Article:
The conference was fun, but nothing special. It was very similar to orientation in many ways, except that I was able to be there with my co-teacher, which was more fun than helpful. It's good to teach with someone you can call your friend, and not just a colleague. For more details on the conference itself, see Sara's blog (anythingbutsquid.blogspot.com). The conference itself lasted a mere day and a half until Friday afternoon, so Sara and I, along with our good friend Katie, decided to stay in Gyeongju for the remainder of the weekend.
Everything in Korea is old, but Gyeongju is really old. And it's obvious. But it certainly hasn't escaped modernization. For example, outside of our conference hotel room was a view of the stunning Gyeongju Tower, an observation tower in the middle of the Gyeongju Cultural Expo Center.
Though we didn't get to go up in it this time around, it was still cool to see.
While downtown Gyeongju looks basically like every other city in Korea, the one thing that is stunningly unique about this place is the mounds. Oh boy do they have mounds.And mounds.Mounds and mounds of mounds.
What are these oddly shaped hills you say? They are the tombs of literally hundreds of Silla Kingdom kings, queens, and dignitaries. And they were EVERYWHERE. You could not turn a corner in Gyeongju without stumbling head over heals into a giant heap of tombs. Some are more culturally important than others, but they are all equally impressive. What's more, it was all me, Sara, and our friend Katie (pictured above) could do to not run up them and roll down like giddy 4th graders.
Aside from the mounds of kings, there were also mounds with trees.Mounds you could go in.
And mounds you couldn't.
The ones above are the tombs of the founder and first king of the Silla Kingdom as well as the 2nd, 3rd, and 5th kings of the Silla Kingdom. No word on where the 4th king ended up, but in Korea, if they don't talk about it, it can't be pretty.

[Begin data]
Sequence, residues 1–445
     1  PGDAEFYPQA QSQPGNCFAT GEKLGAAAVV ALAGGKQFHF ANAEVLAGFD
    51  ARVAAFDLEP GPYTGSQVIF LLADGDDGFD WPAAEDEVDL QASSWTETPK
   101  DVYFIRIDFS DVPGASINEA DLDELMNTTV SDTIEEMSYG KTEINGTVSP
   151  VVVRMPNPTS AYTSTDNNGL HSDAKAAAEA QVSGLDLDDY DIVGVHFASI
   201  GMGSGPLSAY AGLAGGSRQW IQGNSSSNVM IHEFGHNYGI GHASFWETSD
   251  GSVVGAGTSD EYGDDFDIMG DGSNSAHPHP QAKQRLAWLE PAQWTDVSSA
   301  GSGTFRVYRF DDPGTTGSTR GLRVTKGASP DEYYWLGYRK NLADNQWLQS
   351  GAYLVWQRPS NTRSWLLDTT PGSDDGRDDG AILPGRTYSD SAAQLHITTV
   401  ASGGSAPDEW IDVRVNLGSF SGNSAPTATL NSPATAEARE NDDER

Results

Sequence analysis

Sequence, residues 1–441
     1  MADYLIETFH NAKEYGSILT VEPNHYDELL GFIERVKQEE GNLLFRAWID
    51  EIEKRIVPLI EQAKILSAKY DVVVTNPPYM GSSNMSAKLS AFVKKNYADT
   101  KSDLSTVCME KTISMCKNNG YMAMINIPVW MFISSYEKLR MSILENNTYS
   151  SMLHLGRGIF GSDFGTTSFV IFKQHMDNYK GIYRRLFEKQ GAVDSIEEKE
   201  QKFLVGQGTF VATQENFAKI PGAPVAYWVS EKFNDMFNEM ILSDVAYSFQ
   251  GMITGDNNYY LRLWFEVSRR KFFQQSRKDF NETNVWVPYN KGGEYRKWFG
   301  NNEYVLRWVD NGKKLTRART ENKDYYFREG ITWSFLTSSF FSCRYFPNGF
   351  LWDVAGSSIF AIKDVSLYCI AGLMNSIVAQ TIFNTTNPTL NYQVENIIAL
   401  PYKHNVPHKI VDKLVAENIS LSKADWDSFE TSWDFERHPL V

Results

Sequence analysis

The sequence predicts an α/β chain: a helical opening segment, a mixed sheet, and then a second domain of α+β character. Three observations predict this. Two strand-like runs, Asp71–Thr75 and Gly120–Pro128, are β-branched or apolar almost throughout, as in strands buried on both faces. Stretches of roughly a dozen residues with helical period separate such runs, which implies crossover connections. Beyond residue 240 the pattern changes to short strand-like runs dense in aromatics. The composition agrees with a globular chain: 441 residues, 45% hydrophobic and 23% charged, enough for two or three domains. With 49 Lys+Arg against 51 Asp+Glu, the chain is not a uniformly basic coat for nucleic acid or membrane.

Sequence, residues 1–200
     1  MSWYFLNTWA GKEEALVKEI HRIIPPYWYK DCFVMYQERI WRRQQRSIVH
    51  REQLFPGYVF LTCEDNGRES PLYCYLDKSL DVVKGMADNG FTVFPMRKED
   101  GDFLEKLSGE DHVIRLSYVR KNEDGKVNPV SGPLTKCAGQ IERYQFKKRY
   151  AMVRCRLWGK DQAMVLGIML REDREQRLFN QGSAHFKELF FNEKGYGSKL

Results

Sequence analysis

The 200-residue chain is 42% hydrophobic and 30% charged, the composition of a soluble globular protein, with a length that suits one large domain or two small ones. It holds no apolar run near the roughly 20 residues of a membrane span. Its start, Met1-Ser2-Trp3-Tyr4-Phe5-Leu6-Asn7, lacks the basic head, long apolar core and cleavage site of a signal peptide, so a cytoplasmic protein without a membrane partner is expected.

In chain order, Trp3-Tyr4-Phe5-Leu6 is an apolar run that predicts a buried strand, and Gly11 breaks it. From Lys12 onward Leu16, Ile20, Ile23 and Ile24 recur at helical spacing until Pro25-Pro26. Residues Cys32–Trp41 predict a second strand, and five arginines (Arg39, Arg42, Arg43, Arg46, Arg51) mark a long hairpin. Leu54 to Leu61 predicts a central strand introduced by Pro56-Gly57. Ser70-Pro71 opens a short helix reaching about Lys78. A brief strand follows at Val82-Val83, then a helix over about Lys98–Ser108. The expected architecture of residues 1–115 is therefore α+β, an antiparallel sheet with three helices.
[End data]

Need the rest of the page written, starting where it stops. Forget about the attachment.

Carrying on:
After Sara, Katie and I were finished investigating all of the tombs, our friend Andrew showed up and we all rented bikes, a popular way to travel around Gyeongju.Our first stop was to Gyeongju's national museum, which was small and unimpressive, but entrance was free so I can't complain. The buildings were certainly cool.
It was also fully equipped for the handicapped, old, and WEAK. I was pretty tired from all that biking. Does that count?After that we stopped off at Anapji pond, which is a man made pond formerly used as a leisure spot by the Silla royalty. Like nearly every important, historical, and beautiful building in Korea, most of the buildings there were destroyed long ago by numerous invasions by the Japanese.
After a long day of biking, we sampled one of the other fine things Gyeongju has going for it.You can sit at home and talk about how you could live without McDonald's all you want, but spend 7 months of your life without a hint of authentic western food, let alone a decent cheeseburger, and then we'll talk. I had McDonald's 3 times in the span of two days, and I don't regret it one bit. My only regret is that we didn't get to visit the Gyeongju KFC.
On our last day in town, Andrew, Katie, Sara and I decided to trek out to the must-not-miss Bulkuksa Temple and Seokguram. The former is considered the No. 1 historical and scenic site in Korea by the Korean government. It was certainly beautiful and scenic, but it was also marred by more tourists than I've seen anywhere in Korea.
The temple wasn't terribly different from many others I've seen before, including in Andong, but it was nestled nicely into a mountain, away from the hustle and bustle of the city. And while there were a lot of people (including screaming children) it was still a peaceful and beautiful place to spend the afternoon.
It was especially nice to see it in the fall, since all of the leaves in Korea are now bursting into full color.
Our last stop, Seokguram, is a very old Buddhist grotto which contains an enormous statue of Buddha built into the mountain. Built in the 8th century, it has stood the test of time and now stands as a great monument to Buddhist culture in Korea and around the world. Since we aren't allowed to take pictures of the actual Buddha, I am borrowing this picture from Wikipedia to give you a good view.